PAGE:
Wendkos adds that some of the features that were built-in to the Mirror Image platform help TrueFire make a more robust product offering. He points to things such as looping, slow motion, and zooming-"things you can't do with a DVD. Now students are getting higher quality content, and digital tools they can use to control the video experience. If you give them a whole choice of tools, they'll find what works best for them," says Wendkos. "At the end of the day, there's no question that we're delivering a better product than even five years ago."
IA has found that the addition of video content has increased interest in the association from potential members. "We definitely have had members join to get the specific value of the video department," says West, noting that the association's board members also see the value in video. "The most common example is that our government affairs department went to Capitol Hill to have conversations with members of certain committees and the FCC; something that would have had a profound effect on our industry. We videotaped that, which helped them amplify the message and helped get the membership on board," says West.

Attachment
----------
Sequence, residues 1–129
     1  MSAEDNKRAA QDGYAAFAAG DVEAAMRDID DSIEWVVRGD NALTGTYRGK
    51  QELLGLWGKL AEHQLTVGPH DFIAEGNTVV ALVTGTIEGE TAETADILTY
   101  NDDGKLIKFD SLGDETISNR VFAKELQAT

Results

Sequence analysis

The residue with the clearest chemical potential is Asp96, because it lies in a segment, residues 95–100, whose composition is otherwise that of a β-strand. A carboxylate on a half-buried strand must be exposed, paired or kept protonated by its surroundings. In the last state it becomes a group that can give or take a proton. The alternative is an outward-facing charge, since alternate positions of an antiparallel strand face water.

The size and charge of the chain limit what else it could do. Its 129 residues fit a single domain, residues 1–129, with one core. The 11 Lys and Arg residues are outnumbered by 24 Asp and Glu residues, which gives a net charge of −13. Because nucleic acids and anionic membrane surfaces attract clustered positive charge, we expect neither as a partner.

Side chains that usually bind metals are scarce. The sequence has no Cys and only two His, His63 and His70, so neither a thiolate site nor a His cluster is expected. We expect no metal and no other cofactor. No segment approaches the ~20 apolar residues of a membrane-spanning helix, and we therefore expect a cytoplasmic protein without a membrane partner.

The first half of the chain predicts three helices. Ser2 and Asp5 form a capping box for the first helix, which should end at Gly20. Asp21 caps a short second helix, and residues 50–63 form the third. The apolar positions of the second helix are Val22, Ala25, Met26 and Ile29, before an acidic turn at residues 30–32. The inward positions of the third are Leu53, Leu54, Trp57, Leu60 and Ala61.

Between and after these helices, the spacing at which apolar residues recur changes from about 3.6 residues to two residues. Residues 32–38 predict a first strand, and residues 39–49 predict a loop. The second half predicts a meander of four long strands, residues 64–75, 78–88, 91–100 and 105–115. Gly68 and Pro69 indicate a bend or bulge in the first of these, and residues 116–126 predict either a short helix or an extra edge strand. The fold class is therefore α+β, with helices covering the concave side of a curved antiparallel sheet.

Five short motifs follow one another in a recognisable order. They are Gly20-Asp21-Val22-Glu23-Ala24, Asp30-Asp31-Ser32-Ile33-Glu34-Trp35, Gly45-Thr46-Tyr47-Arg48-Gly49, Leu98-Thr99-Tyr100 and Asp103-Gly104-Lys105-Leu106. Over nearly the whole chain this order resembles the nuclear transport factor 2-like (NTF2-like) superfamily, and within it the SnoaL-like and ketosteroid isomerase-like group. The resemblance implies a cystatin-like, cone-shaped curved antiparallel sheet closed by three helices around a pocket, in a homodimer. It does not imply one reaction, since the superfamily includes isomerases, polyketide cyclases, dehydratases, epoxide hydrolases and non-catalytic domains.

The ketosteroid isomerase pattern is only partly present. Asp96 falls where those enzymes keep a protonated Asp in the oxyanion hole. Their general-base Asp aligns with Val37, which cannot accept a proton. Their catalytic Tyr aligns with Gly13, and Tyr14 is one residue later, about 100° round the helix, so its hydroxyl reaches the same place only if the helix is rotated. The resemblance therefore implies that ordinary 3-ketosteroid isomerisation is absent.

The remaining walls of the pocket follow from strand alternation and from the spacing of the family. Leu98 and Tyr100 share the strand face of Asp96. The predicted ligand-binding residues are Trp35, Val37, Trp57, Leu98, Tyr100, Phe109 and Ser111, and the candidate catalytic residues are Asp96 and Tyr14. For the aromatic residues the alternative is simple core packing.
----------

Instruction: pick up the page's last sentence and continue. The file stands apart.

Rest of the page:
Expanding Beyond Your Site: Viral Video
While publishers and other content providers continue to add value and rich content in the form of video on their own sites, they shouldn't stop there. Weitz suggests using YouTube as an ancillary channel for video content. "Even if most of the video is on your own site-where it should be-you need to have video on YouTube," says Weitz, noting that YouTube content should include clips and links to the publisher's own site. "You need to give [viewers] motivation to go to your site," says Weitz. "It needs to be updated regularly." Weitz says to consider creating an editorial calendar just for video content.
Many companies, says Weitz, are seeing positive results from using YouTube and implementing video as a competitive advantage. He notes that companies can bolster the effects of YouTube by combining it with activities on Facebook and Twitter. He suggests becoming active on Twitter and motivating people to retweet video links. In addition, he suggests creating a Facebook strategy similar to the YouTube one. "Post some, but not all, of your videos and get people to come to your site," says Weitz.